Bad news for drinkers

You hear it so often it starts to sound like gospel: Red wine is good for the heart.

Some go even further and claim that any booze at all will help keep your ticker on track, as long as the drinking habit stays moderate.

But if you're at risk for heart problems, alcohol is the last thing on Earth your heart needs.

It won't help -- and if you've got high blood pressure, even a very light drinking habit could actually HURT your heart and DAMAGE critical function!

Now, the latest research shows how just a little bit of booze can lead to the kinds of changes that could set the stage for heart failure.

In tests on 335 people with high blood pressure and no other heart problems -- people facing heart risk, but who haven't actually had a heart problem yet -- researchers found more signs of damage in the hearts of folks who drank.

They had thicker walls in the left ventricle, which is the part of your heart that pumps blood to the rest of your body.

Thicker walls might be great for a home in hurricane country... but you don't want them in your left ventricle, where thicker walls cause your heart to struggle to fill with blood between heartbeats.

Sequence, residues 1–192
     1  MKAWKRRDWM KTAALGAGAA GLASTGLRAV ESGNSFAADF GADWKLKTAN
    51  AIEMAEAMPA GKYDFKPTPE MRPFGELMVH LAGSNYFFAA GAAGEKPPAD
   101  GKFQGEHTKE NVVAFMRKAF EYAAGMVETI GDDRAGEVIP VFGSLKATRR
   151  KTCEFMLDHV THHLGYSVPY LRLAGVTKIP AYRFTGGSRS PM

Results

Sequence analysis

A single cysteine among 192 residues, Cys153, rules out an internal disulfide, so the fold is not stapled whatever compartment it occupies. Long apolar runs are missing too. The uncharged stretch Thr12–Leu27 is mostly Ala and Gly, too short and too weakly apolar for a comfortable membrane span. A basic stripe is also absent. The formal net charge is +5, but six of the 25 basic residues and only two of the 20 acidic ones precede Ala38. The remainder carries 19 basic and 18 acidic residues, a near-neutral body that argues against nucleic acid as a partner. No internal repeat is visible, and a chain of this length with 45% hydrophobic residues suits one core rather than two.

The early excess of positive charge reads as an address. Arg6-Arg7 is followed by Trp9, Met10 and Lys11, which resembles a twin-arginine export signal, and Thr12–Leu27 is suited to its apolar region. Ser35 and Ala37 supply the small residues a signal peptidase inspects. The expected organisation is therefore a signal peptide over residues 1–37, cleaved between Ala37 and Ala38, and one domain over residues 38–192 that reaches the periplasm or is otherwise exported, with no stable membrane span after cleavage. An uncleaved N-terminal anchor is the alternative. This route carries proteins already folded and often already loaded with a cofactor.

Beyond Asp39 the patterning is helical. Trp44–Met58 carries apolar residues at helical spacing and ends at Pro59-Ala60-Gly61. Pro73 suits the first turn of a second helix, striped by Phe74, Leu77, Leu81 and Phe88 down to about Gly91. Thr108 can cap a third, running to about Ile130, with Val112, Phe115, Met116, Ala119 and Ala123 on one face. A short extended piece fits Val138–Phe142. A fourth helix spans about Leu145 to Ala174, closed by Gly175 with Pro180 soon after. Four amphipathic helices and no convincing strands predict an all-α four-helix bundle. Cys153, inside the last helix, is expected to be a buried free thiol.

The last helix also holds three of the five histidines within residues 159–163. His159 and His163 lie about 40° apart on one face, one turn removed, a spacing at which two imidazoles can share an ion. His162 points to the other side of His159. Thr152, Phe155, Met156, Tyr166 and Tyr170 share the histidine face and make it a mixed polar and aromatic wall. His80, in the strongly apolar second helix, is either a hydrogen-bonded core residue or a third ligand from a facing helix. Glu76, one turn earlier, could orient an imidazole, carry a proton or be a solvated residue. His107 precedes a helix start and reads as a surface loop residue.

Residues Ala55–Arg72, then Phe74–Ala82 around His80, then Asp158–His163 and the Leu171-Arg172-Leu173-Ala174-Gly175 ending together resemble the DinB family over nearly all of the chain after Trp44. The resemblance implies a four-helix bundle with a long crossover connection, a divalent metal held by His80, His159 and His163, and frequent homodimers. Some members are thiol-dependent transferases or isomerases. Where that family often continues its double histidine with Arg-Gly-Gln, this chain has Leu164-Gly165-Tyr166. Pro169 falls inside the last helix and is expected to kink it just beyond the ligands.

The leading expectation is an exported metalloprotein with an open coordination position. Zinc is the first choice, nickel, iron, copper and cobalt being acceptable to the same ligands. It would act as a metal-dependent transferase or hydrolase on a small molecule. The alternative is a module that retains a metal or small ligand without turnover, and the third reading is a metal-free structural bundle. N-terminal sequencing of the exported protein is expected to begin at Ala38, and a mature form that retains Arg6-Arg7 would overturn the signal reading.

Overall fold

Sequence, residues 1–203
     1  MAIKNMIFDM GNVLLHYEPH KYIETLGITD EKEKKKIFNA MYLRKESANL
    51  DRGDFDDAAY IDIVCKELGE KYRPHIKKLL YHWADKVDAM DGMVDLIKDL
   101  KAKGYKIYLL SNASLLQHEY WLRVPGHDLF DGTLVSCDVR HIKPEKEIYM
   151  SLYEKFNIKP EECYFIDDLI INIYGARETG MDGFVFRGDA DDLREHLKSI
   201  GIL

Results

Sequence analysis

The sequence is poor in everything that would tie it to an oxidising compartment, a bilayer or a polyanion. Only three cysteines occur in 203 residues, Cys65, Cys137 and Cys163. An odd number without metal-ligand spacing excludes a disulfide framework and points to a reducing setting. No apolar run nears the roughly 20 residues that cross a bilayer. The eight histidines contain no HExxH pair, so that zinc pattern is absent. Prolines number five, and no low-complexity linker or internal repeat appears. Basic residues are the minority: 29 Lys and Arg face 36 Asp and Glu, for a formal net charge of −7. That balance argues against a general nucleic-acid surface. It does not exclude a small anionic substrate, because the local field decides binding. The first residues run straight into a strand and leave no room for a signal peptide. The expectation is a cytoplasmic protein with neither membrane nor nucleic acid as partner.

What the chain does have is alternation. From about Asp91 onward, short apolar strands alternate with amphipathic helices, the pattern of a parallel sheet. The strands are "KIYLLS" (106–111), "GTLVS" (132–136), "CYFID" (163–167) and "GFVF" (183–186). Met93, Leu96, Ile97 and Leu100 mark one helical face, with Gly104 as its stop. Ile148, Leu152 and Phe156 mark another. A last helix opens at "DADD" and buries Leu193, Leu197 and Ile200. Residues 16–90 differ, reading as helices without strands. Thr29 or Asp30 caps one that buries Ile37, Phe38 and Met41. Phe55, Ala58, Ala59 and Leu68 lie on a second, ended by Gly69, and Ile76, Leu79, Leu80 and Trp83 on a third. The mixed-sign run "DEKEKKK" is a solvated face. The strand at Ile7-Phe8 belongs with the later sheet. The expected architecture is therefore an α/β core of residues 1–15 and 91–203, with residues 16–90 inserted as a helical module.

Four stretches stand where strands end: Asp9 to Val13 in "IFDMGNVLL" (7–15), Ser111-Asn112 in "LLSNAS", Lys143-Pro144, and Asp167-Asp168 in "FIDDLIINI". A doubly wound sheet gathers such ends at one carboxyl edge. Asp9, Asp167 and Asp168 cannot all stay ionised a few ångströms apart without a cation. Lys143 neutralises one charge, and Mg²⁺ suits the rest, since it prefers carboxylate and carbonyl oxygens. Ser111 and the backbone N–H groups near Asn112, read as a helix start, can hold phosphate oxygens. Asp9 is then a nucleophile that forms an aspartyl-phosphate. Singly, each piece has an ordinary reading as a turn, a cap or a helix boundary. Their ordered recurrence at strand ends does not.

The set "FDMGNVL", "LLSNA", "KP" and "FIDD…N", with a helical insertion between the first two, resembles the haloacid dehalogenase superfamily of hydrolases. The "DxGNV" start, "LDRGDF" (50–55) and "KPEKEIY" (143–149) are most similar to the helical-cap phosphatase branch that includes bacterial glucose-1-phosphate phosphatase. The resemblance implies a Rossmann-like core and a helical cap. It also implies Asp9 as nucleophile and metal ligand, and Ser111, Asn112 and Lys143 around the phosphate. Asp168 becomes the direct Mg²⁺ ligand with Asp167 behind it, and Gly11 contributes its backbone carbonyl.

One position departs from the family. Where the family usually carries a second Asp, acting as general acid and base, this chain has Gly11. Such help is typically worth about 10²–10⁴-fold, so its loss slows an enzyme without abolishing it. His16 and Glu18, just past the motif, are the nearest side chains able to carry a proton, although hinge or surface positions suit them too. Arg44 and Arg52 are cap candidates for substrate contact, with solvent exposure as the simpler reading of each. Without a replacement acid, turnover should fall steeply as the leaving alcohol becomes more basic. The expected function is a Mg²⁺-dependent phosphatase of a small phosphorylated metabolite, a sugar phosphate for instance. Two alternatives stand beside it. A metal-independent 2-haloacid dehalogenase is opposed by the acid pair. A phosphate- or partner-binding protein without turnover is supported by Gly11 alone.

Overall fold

Because that means it has a harder time sending out all of the blood your body needs, and that's a condition that can lead directly to heart failure.

Ready for the scary part? While the study finds the most damage in the folks who drink the most, it also finds that ANY alcohol at all will cause at least SOME changes in the heart.

In fact, the damage kicks in at an average of just an ounce a day.

That may not sound like much, and it's not. It's the equivalent of a glass of wine with dinner on Friday nights, or a beer every other weekend -- the kind of light habit that's so infrequent you wouldn't even call it a "habit."

Yet... it's enough to cause lasting damage in your heart.

Now, I'm not out to kill anyone's buzz. If you really want to drink, and you're healthy, there's a way to do it and minimize the risks.

Don't drink nightly... or even weekly. Instead, limit it to special occasions such as holidays and birthdays.

And even then, keep it to one drink.